The 1946 Wurlitzer 1015, with its rounded top and bubble tubes, is perhaps the most iconic and can sell for £15,000. Although a great looking machine it is not the most practical as this American classic may hold only 24 songs on fast-playing 78rpm records.
Later examples, such as the 1960s Rock-Ola 1485 – as seen on the TV pop show Jukebox Jury – can sell for £12,000 and hold 100 of the more modern 45rpm disc tunes.
Subsequent models, such as the 1980s Wurlitzer Carillon, can still sell for more than £1,000 because of their solid build and iconic name. But there are other highly sought-after machines available. These include the 1958 Seeburg 201 Select-O-Matic that can trade for more than £8,000.
Another is the Seeburg 161, with its Cadillac-style chrome bumper and fins, that can sell for as much as £12,000.
British copycats include a 1950s BALAMi. In July this year, a BAL-AMi ‘in very poor condition and in need of complete restoration’ sold for £3,400, far exceeding the £500 estimate.
In tip-top condition, these jukeboxes can sell for £12,000.
Jukeboxes get their name from ‘juke joints’. These were black dancing clubs held in the American Deep South that attracted revellers in the early 20th Century.
Earlier this summer, a Tannoy speaker from the 1950s went under the hammer for £8,000 – smashing the £40 valuation put on it by Dorchester-based Duke’s Avenue Auctions.
It was a 1959 ‘Guy R Fountain’ with extra-large 15-inch loudspeakers and it was housed in a ‘Canterbury’ wooden corner cabinet that sat more than 4ft high.
Tannoy is a common term used for a speaker as it is associated with some of the best quality speakers.
In 2014, a pair of Tannoy GRF speakers sold for a record £15,750 while a year earlier a 5ft Tannoy went for £7,500.
Amplifiers that use valves rather than transistors and electronic chips are also sought after by hi-fi fans. Besley says a 1948 Leak TL12.1 – a mono amp – can sell for £2,000, but you need two for a stereo system. Other separates that can be plugged into modern hi-fi include a cassette deck.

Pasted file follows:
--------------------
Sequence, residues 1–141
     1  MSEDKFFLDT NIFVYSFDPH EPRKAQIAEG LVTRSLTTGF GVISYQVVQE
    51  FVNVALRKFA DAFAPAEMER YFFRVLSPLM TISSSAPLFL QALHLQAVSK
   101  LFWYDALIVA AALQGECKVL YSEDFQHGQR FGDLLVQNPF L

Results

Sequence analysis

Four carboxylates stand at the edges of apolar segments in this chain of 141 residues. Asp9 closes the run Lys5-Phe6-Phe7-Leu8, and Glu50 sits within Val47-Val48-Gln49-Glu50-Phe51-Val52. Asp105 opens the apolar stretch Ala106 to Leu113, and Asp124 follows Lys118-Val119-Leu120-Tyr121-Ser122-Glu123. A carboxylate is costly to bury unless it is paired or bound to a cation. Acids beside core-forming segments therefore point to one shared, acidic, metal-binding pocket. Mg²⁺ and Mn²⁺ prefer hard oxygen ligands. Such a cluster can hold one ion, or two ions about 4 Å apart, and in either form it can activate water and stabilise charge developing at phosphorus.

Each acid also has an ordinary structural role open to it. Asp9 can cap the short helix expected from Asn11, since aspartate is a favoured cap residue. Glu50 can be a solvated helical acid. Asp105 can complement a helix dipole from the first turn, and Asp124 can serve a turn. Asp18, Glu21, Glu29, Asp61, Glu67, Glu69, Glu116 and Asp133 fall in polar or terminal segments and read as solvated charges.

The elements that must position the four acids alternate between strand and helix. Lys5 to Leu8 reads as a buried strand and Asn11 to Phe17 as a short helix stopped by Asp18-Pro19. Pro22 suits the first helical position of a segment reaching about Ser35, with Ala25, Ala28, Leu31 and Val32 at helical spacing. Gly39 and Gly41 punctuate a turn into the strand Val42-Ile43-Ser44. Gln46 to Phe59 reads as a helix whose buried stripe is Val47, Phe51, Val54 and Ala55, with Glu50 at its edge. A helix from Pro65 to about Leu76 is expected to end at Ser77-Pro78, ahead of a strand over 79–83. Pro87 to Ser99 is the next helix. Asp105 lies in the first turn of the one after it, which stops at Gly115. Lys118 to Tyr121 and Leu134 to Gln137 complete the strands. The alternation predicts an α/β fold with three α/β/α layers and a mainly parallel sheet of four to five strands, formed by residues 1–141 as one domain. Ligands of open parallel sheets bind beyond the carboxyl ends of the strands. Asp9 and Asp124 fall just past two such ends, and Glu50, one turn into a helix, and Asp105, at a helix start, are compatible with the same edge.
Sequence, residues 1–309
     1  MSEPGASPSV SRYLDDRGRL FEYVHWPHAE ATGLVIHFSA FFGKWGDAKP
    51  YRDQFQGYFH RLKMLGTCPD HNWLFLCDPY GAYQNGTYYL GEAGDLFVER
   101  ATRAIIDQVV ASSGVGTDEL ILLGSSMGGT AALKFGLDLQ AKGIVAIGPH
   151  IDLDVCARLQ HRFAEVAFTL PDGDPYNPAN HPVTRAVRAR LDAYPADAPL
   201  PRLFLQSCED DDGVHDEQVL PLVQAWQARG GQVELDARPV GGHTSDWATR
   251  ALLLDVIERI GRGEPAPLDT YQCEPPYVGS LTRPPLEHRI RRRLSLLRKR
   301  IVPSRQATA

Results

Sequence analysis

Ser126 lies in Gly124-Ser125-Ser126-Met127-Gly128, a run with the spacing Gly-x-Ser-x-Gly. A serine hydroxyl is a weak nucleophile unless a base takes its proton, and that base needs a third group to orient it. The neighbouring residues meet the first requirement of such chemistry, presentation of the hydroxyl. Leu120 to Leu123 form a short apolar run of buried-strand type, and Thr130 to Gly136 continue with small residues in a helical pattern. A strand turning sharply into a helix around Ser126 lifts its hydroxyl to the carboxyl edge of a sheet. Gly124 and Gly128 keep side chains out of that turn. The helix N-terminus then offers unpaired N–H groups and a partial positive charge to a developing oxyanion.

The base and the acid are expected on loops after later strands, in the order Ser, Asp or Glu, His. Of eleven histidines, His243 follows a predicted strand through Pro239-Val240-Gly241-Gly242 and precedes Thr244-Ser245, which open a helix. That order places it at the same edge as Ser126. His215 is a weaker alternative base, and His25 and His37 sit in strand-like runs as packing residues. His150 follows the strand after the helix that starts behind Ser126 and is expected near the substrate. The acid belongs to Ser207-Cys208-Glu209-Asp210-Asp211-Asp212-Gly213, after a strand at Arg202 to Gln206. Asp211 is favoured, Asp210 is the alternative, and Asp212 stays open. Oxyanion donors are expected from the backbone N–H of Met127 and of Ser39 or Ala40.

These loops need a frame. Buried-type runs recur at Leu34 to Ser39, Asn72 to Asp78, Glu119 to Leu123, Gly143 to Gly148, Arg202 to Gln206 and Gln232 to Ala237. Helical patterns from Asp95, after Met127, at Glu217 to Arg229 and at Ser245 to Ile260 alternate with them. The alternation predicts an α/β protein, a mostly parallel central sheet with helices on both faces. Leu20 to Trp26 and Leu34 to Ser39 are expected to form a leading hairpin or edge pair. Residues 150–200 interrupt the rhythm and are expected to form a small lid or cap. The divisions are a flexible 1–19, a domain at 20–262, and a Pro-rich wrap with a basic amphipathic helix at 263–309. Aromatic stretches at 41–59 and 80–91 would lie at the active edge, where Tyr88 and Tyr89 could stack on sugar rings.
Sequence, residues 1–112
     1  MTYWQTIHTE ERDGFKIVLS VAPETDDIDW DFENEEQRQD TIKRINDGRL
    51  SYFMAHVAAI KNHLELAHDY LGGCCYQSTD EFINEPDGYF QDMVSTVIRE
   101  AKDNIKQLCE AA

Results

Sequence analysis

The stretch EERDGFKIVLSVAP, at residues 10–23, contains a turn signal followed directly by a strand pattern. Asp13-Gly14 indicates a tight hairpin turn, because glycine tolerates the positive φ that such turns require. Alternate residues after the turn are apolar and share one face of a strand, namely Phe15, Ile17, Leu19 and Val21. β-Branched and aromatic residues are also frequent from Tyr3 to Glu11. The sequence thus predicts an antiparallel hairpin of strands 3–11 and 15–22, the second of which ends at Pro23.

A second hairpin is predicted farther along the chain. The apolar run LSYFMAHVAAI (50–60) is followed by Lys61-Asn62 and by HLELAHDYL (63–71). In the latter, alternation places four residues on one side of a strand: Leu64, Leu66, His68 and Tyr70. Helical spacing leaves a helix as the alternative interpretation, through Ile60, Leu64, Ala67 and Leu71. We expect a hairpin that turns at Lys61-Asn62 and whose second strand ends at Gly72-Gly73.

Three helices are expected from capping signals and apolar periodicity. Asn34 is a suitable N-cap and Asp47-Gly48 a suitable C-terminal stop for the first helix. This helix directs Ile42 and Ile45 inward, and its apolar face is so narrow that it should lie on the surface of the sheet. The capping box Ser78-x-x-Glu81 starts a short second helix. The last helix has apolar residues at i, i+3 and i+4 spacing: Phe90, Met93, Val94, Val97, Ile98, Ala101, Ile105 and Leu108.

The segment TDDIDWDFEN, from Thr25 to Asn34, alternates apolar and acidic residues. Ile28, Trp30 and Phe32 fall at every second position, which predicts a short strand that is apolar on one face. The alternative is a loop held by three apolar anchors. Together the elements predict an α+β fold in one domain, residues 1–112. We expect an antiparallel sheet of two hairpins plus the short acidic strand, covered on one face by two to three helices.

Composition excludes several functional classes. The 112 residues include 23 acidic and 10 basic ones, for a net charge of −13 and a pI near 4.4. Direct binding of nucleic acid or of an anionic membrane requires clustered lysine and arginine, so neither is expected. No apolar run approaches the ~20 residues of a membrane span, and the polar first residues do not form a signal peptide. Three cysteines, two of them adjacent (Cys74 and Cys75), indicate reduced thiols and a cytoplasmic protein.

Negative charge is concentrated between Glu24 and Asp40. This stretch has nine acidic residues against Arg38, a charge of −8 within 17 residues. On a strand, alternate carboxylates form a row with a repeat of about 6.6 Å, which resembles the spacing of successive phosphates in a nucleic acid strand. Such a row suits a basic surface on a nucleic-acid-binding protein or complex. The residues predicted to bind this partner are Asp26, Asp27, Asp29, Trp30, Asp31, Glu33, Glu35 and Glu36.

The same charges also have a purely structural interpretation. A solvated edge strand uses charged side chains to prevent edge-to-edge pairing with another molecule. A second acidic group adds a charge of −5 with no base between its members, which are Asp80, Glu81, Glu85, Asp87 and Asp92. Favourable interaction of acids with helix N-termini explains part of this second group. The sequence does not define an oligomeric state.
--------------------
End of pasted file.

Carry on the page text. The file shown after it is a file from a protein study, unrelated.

Although cassettes fell out of favour in the 1990s, music fans still have many collecting dust, while bands still occasionally release music on cassettes as limited editions. A classic cassette deck is the 1982 Nakamichi Dragon, with the best examples selling for at least £2,000.
Hi-fi was born in 1877 when Thomas Edison invented the phonograph – an early record player using cylinders rather than a flat disc. By 1898, Edison was selling a New Standard Phonograph for £15. The cylinder was limited to a twominute playing time. It can now sell for £1,350.
In 1887, Emile Berliner started producing commercially available gramophone players.
These play the fast spinning 78rpm records that can still be picked up cheaply second-hand. Find an 1893 Berliner Gramophone and you have a music machine that ages well. They can change hands for about £10,000.
The Berliner Gramophone company adopted His Master’s Voice as a trademark after Berliner saw an 1898 painting of a dog sitting on a coffin listening to his dead owner’s voice through a record player.
It was used on a Trade-Mark gramophone model in 1901 that now sells for £2,000. These early machines did not have electric-powered amps to make them louder – but relied on horns.
Such external horned gramophones reached their peak in the 1930s when the British firm EMG created papier-mache horns up to 34 inches in diameter.
Models such as the EMG Xb Oversize can sell for £3,800 – with values high not just due to rarity but the quality of sound.